Historical Portraits Picture Archive

Portrait drawing of Mrs Elizabeth Billington (1765-1818), as Coraly in The Peruvian, her head almost in profile to left, wearing a turban decorated with ostrich feathers and pearls, and an ermine-trimmed coat, 1786 

Richard Cosway RA (1742-1821)

Portrait drawing of Mrs Elizabeth Billington (1765-1818), as Coraly in The Peruvian, her head almost in profile to left, wearing a turban decorated with ostrich feathers and pearls, and an ermine-trimmed coat, 1786, Richard Cosway
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Watercolour with pencil on paper
18th Century
Oval, 81mm (3 3/16 in.) high
 
Provenance:
Probably the drawing noted in a typed list by G.C. Williamson, ‘Portraits by Richard Cosway’, as ‘BILLINGTON, Mrs. Elizabeth/ S. Kensington Museum’ (undated) (National Portrait Gallery, Heinz Archive)
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This recently discovered drawing by Richard Cosway was taken from life in 1786, just at the point where Elizabeth Billington (née Weichsel) was embarking on her stratospheric rise to fame. Talented, charming and statuesque, her success as an opera singer was almost unprecedented. At her death in 1818, the Gentleman’s Magazine hailed her ‘the most celebrated vocal performer that England ever produced’.

This particular portrait can be precisely dated to March 1786, as the ‘Fair Peruvian’ opened at the Theatre Royal, Covent Garden on the 18th of that month. A newspaper report dated 23rd March stated that Cosway had already executed this drawing; ‘The portrait of Mrs BILLINGTON, in the Character of THE PERUVIAN; engraved by BARTOLOZZI, in his best manner, after an original drawing from Life by COSWAY.’

Public interest in Elizabeth had begun when she was a child prodigy, playing the piano and violin. She was clearly musically gifted, composing keyboard sonatas before her twelfth birthday. Her parents were also high profile figures in the musical and operatic world – her father, Carl Friedrich Weichsel (1728–1811), was principal oboist at the King's Theatre and Vauxhall Gardens and her mother, Frederica (d.1786) a much-lauded singer. Her parent’s volatile relationship also caught the attention of the popular press and as Elizabeth’s fame grew rumours sprung up concerning her legitimacy.

After her marriage at the age of sixteen (to her singing teacher, James Billington, in 1783) she virtually gave up playing the piano in public, preferring instead to concentrate on her singing career. Her debut performance was to take place in Dublin, singing in Gluck’s Orfeo ed Euridice.

By the date of this portrait, yet to reach her twenty-first birthday, she had already suffered the loss of her only child, a daughter born in the summer of 1784. She had also embarked on several love affairs, abandoning her husband at least twice during a tour in Ireland.

With such notoriety already a defining feature of her career, just one month prior to this portrait, she was requested to perform as Rosetta in Thomas Arne's Love in a Village by ‘royal command’. Elizabeth’s introduction to the artist Cosway may have been as part of the circle of George, Prince of Wales – contemporary speculation suggests that the two were lovers. In 1785, the year before this portrait was taken, Cosway had been officially appointed as Painter to the Prince of Wales. He was the natural choice to draw Elizabeth and would have known her well. From the inclusion of the Prince of Wales feathers on the frame it can be suggested that the prince himself commissioned this drawing.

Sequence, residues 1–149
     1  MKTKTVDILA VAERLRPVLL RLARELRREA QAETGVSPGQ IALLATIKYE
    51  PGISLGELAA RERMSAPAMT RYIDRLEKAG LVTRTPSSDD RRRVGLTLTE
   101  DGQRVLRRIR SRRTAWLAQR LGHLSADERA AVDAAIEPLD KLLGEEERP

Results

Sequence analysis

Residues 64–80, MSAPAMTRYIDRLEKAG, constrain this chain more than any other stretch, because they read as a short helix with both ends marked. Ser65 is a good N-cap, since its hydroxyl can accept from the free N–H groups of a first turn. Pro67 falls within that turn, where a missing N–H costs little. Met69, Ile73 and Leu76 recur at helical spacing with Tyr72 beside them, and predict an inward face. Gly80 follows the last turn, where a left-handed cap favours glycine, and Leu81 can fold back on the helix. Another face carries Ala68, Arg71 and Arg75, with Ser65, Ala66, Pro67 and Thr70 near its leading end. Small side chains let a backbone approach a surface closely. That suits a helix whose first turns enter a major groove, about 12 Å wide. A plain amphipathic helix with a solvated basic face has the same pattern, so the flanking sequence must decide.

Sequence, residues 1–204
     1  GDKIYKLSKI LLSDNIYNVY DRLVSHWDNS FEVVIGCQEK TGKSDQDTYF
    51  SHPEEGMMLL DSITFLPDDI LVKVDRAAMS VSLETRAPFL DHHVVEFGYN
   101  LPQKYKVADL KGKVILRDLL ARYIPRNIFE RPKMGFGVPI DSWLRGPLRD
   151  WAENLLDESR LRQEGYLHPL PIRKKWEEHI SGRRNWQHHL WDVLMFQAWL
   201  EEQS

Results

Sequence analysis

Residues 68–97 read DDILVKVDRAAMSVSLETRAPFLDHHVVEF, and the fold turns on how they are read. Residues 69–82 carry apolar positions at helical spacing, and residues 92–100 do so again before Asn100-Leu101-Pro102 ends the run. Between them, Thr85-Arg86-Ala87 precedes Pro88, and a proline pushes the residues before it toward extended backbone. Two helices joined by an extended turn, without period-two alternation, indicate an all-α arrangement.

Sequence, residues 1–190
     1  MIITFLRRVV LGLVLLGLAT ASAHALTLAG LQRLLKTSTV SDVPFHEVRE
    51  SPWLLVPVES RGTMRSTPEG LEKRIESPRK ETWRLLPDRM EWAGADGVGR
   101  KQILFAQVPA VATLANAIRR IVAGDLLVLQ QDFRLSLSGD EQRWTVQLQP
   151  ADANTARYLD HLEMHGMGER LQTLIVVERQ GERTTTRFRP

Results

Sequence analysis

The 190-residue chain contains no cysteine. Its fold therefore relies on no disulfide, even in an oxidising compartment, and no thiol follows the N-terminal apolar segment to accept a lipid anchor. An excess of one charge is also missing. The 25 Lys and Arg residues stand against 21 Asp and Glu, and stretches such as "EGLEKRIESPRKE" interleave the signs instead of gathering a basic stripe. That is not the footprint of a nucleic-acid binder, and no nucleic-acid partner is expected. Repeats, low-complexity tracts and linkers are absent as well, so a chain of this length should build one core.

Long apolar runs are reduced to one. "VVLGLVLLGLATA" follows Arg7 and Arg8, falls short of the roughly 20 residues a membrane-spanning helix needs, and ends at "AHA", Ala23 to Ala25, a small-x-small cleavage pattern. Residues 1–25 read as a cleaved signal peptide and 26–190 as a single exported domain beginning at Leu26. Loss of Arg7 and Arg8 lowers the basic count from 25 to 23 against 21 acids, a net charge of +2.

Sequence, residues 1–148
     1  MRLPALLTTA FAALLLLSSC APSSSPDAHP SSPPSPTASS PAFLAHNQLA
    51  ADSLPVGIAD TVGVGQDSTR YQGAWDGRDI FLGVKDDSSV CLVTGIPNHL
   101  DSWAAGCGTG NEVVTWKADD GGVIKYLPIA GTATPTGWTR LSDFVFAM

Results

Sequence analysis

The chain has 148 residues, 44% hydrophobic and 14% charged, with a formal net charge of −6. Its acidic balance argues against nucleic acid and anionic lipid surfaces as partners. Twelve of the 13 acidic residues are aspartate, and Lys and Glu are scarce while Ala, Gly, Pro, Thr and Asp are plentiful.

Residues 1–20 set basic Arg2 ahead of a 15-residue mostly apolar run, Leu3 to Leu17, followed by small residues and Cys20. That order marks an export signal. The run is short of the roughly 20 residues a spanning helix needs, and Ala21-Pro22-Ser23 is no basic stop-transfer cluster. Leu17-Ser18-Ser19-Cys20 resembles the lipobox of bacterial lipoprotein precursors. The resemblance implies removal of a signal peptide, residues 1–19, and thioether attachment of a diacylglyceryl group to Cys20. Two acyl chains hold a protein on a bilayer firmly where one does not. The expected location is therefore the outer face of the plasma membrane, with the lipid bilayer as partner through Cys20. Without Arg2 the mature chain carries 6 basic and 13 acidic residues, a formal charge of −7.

Although, by the spring of 1786, Elizabeth was in demand as a performer musical critics thought her singing and acting lacked grace and passion. Shortly after this drawing was made, she left England for France where she received training from many eminent singing masters, including Antonio Sacchini in Paris. The Cosways were also in France during that summer, and it can be speculated that they moved in the same circles in Paris.

Upon her return to England that autumn, Elizabeth proved her full potential, earning the praise of critics for her exquisite singing. Charles Burney declared that ‘no song seems too high or too rapid for her execution’.

Elizabeth’s career was greatly overshadowed by the publication, in 1792, of her Memoirs, written by her publisher James Ridgway. Full of sensationalist gossip, backed by letters published in full, she brought libel action against Ridgway. Unable to escape the ruckus surrounding the book (Joseph Haydn noted ‘you couldn't get a single copy after 3 o'clock in the afternoon), Elizabeth once again left England and travelled to Italy.

Italy proved fruitful for Elizabeth’s operatic reputation and disastrous for her personal life. Her career flourished via a succession of tours through Italian cities and Sir William and Emma Hamilton, among many other eminent ex-patriots, welcomed her. Madame Bonaparte may have introduced her to her French husband Felican and she moved to an estate near Venice with him. By 1801, however, he had grown so violent that she was forced to flee to England. By this date, she was firmly established as a great opera singer and her performances continued to attract crowds of admirers. In 1817, her husband arrived in London and begged her to return with him to their Italian estate. Regrettably, she agreed and the result, according to contemporary rumour, was that she was beaten so badly by him that she died of her injuries.

Painted by the great artists of the day, including Sir Joshua Reynolds, John Hoppner and George Romney, Elizabeth proved a characterful and charming muse. This small drawing shows an altogether more intimate portrayal of a woman on the very threshold of eminence. Whilst this image was disseminated into thousands of prints, the original drawing retains the intensity that only an ad vivum sitting can capture.
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